Travel More

I’ll never forget how nervous I was on January 7th, 2012. My stomach was doing more flips than the pancakes I had eaten that morning. My mind wouldn’t stop racing.

And there was no chance I was getting any sleep.

The next day, I would be heading to Barcelona, where I’d stay with a host family for the next few months while I spent a college term studying abroad.

It’d also be the first time I’d live somewhere that wasn’t within 15 minutes of a family member.

Younger days in Sevilla.

Fast forward almost 10 years, and I’m living in Thailand. And I can’t wait to travel more.

Over the last five years, four of them have been spent in places where my family wasn’t even a short plane ride away.

And that will probably continue into the foreseeable future (sorry, Mom!).

During that time, I’ve visited over 15 countries and had countless experiences. These moments will flash before my eyes when I die in a tragic hot air balloon accident involving two donkeys, a screwdriver, and a fake platypus.


So what happened? What changed?

Well, travel happened.

There are really two periods of my life that stand out: pre-travel and post-travel. That trip to Spain tapped into a part of me that hadn’t been awakened yet. And it’s never let go.

I don’t think it ever will.

Travel changes you in many ways. It opens the door to new possibilities. Most of which you had no idea existed before.

You enter somewhere new, with no idea what you’re going to experience.

And it’s difficult. It’s supposed to be that way.

To take yourself into a completely foreign land, navigate the intricacies of its culture and laws, and to square those with your own beliefs and ideas, then come out having learned something.

Not only about the people and the culture—but yourself as well.

Those moments where you’re standing at a busy intersection, in delirium from jet lag, and you’re just observing the world that you’ve landed in.

Fifteen hours ago, you were in a place where everything felt normal. So ordinary, in fact, that you overlook what makes it unique.

Now, people are selling whole chickens—dangling in front of you from a hook—from a small cart attached to a motorbike.

And a man just drove by you on a motorbike that had, wait a minute…were there four people on that Honda Click? And, did he realize he was driving on the sidewalk?

Your days become action-packed, every tiny detail becoming a moment of intrigue. Those moments build into something larger until they’re implanted eternally as memories.

And that’s just the experiences. I didn’t even mention the people.

Travel more for the laughs
Every day spent traveling is a giant, hilarious gift.

The people are what genuinely make travel shine.

How proud people are to represent their country and to show what makes it unique.

How eager they are to show you their culture, food, and, more than anything, their families. People love showing off their families.

Or it could be the people you met who are also traveling to your destination. You visit Mexico, and you meet a guy from Japan one night. You go around the city together, checking out different landmarks and partying at night.

That short trip starts a friendship that, even though you’re in separate parts of the world, is one you hold until the day you die.

Or you never speak again, and it’s only the memories and conversations that you have to hold on to.

Travel more for new experiences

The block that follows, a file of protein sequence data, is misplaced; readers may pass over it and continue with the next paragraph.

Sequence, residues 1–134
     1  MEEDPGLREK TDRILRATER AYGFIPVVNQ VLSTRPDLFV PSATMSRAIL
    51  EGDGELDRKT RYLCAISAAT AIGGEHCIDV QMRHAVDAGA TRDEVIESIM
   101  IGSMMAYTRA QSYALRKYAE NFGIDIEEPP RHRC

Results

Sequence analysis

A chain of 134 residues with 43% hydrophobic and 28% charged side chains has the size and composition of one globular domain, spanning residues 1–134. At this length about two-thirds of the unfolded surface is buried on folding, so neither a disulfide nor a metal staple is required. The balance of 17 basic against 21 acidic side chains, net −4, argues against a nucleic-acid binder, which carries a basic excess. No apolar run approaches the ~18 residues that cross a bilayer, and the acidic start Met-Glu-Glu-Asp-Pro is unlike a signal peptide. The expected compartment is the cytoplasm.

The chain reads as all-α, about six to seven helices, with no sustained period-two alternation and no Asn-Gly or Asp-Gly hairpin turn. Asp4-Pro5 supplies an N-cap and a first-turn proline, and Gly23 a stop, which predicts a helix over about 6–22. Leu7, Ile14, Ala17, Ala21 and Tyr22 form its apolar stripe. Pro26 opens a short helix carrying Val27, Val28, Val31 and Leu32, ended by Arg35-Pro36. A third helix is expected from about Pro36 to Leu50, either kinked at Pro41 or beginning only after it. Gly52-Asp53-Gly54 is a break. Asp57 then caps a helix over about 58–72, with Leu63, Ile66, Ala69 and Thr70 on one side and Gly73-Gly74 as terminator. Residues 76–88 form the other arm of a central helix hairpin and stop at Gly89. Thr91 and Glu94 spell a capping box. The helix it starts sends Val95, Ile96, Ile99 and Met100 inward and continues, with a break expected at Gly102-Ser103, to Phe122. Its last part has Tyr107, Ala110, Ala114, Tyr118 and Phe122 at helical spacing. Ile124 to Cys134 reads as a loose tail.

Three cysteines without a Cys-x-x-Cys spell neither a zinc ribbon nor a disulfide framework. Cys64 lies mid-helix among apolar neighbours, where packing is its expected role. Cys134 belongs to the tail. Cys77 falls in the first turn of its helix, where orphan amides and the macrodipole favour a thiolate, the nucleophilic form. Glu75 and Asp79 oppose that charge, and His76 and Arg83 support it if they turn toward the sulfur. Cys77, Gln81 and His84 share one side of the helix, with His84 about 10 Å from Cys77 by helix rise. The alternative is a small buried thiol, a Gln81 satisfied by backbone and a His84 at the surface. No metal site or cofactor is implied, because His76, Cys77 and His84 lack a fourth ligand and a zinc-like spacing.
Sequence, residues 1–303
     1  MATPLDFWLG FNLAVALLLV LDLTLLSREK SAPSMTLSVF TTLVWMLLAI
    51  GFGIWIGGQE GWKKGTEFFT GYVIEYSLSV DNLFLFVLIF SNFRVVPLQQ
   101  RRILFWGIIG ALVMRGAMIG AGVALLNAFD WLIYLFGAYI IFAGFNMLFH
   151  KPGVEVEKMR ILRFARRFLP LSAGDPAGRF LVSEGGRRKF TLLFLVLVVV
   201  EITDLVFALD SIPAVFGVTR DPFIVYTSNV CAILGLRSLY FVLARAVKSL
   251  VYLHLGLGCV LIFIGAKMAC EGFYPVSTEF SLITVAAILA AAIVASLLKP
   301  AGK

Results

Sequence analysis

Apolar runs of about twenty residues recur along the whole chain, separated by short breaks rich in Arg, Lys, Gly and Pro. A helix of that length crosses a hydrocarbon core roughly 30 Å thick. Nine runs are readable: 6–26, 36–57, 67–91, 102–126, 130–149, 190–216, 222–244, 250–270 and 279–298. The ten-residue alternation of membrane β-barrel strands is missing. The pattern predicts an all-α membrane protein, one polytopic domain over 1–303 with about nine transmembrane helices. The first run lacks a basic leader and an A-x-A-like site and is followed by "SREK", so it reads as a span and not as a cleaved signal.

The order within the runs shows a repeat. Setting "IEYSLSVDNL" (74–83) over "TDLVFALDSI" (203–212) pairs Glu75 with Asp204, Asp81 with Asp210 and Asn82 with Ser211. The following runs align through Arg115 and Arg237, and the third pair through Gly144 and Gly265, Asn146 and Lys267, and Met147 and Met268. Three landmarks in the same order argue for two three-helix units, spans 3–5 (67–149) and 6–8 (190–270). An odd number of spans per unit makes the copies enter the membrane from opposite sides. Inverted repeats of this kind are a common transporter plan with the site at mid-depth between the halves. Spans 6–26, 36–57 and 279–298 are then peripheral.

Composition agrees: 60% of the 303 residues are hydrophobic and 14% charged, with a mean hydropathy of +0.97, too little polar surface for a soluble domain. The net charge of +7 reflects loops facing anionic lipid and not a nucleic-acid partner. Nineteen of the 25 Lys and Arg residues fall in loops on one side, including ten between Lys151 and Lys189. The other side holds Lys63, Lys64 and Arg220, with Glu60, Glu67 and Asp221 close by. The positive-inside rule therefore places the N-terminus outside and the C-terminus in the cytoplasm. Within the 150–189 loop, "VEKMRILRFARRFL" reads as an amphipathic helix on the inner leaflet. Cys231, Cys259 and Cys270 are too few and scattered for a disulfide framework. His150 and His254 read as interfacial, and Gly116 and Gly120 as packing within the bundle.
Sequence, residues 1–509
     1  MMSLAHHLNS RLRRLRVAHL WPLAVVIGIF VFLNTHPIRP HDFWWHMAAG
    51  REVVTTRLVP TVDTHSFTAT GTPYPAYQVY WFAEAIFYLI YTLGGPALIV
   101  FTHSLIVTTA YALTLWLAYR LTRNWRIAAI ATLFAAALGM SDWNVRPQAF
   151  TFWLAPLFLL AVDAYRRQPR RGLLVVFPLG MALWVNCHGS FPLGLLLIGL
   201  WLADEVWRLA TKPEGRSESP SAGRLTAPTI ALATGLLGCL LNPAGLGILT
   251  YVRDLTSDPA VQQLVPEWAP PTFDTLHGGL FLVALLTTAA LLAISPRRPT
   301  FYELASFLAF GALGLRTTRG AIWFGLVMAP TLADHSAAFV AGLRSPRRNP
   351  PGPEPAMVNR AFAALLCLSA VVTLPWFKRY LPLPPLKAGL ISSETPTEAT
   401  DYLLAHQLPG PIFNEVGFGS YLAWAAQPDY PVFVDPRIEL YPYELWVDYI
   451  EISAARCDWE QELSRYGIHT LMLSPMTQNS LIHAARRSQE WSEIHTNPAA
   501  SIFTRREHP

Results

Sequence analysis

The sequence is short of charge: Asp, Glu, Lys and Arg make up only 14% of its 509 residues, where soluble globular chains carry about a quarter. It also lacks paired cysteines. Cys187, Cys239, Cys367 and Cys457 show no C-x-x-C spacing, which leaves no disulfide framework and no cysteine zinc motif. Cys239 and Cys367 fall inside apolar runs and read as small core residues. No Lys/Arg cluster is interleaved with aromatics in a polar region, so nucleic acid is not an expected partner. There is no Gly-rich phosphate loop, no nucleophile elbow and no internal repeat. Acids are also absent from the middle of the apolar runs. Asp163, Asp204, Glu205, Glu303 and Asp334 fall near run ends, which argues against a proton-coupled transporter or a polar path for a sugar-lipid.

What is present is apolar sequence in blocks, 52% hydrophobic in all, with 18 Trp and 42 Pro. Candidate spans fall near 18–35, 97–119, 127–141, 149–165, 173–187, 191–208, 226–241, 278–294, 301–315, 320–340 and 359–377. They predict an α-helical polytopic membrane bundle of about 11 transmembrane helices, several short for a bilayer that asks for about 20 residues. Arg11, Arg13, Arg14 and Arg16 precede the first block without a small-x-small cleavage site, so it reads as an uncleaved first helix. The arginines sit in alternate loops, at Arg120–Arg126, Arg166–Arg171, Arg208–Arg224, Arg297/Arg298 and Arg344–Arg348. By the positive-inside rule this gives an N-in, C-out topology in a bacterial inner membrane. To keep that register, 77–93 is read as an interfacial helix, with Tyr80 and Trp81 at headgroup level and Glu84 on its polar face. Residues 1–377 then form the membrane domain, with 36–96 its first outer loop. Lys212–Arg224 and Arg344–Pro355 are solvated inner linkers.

The people and experiences are why I travel.

But that’s what makes travel so important.

The connections we have with people are temporary. Some are more temporary than others. But, eventually, that connection will end. And all you have are those memories and conversations.

These moments shape you. They contribute a small piece to who you are and who you will be. You become more empathetic. And you gain perspective.

They make you more human.

And isn’t that the point of travel? To learn about the world, humanity, and yourself.

I say these things, and I sound like I’m saying a bunch of new-age bullshit. I get strange looks from people back home. Although, strange looks are nothing new for me.

My idea of life has never squared with the American idea. I’ve never wanted the 9 to 5. Nor the big house. I’ve never wanted the 2.5 kids. And definitely not the white picket fence.

I’d rather paint that fence neon green, adding a bit of life and color to a stagnant scene.

Some could say I’m running away.

Maybe this is what drew me to travel. I saw an explosion of color in an otherwise black-and-white world. Excitement and variety, where I had only seen blandness and monotony. And I saw a long, event-filled life, where I had only seen a slow, boring road to death.

Now all of this may sound dramatic and over-the-top, but I think if you talk to any traveler, they’ll understand what I’m saying. Maybe they won’t feel this way themselves—everyone is different—but they’ll understand regardless.

I genuinely believe that travel is beneficial for everyone if you couldn’t tell by this entire post.

Ultimately, my message for everyone is this—just travel more.

Travel more to meet new people
You form a worldwide network that becomes your family.

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3 thoughts on “Travel More”

  1. Great article that sums it all up very perfectly… In the early days I did sometimes ask myself what I was running away from… But that quickly changed to what am I running towards – a life full of so much cool Sh1t…

    It’s funny you should mention the hot air balloon, donkey, screwdriver and platypus moment.. Why?? Cause it was very funny…

    1. Love that point—running from/running toward. Couldn’t agree more.

      And I’ve already seen my unfortunate, yet hilarious demise 😂

  2. Pingback: Roll the Credits: Thoughts on Roadrunner and Anthony Bourdain – The Travel Runner

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